Mill the traces of a circuit board and solder each component of the board onto it. Test it and program it to be used as a microcontroller. It's like making an Arduino from scratch.
We start with the milling part, with the Roland Modela machine, a small cute CNC milling machine. It's a very straightforward process except it worked fine the first time I did it, and terribly when I did a second board. The second time i didn't screw the end mill tight enough so it was too loose to properly cut. Also when you change settings, make sure to "make path" in the software interface again.
I had little experience in the past with soldering, especially such small components. So first thing I did was train on a discarded circuit board for 20 minutes or so. Then it was pretty much two hours of careful delicate work with a result that wasn't always as elegant as someone would hope. But I thoroughly enjoyed the meditative quality of the task. What you need is very good light, tweezers, a thin solder iron, a clamp, steady hands and good eyes. Also an important tip given by our TA, Rob: gather all the components and stick them onto a sheet with double-side tape, and their names next to them, so you know what's what.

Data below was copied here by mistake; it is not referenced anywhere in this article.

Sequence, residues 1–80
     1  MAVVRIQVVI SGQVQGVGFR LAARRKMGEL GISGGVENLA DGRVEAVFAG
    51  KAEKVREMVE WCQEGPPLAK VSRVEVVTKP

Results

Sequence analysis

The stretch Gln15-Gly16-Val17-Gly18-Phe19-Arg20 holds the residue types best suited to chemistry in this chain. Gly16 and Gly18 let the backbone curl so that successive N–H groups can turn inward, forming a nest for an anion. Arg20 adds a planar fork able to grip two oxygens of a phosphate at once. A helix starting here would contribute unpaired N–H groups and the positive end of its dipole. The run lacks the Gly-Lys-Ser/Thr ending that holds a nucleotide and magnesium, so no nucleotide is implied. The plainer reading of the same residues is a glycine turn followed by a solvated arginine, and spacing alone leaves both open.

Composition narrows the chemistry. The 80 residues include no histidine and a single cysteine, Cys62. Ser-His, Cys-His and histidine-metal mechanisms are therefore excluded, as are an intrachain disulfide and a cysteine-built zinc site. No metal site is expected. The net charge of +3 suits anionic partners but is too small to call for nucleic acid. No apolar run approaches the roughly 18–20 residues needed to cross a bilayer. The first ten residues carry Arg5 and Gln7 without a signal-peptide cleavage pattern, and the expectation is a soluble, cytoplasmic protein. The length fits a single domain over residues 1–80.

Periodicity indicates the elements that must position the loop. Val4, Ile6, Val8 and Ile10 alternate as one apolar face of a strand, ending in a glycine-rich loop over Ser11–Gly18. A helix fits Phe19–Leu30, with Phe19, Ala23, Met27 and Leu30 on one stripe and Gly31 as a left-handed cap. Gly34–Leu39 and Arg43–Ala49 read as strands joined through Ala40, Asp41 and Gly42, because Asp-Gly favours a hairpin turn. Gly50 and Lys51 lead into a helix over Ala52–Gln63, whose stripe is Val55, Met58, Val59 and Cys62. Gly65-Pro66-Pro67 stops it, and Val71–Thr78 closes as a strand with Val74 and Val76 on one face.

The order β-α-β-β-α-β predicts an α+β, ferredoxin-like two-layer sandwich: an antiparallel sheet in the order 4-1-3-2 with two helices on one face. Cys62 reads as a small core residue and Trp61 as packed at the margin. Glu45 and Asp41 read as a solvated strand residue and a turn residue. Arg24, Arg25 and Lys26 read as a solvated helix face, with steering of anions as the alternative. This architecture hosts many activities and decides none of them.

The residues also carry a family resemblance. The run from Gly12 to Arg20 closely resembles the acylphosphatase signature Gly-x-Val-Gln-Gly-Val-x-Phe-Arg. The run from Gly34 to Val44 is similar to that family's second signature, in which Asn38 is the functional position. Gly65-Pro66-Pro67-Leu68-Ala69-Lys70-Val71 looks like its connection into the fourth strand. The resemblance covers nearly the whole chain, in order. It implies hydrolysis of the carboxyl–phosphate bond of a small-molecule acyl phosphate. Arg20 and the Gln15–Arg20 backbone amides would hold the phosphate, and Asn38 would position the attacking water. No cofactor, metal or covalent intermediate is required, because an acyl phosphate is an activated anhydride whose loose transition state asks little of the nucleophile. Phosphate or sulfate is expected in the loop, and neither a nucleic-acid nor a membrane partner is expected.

That's when you realise it's not working. Probably because the solder job was not good enough. So you have to do it all over again. But this time it took me one hour instead of two. Good learning curve. Also this time it worked. Well, that's thanks to Rob who helped debugging it and figuring out what was wrong (mainly, adding more solder in some parts and clearing out some others). There's a program to run at the end so the micro controller is ready-to-use as a usb device.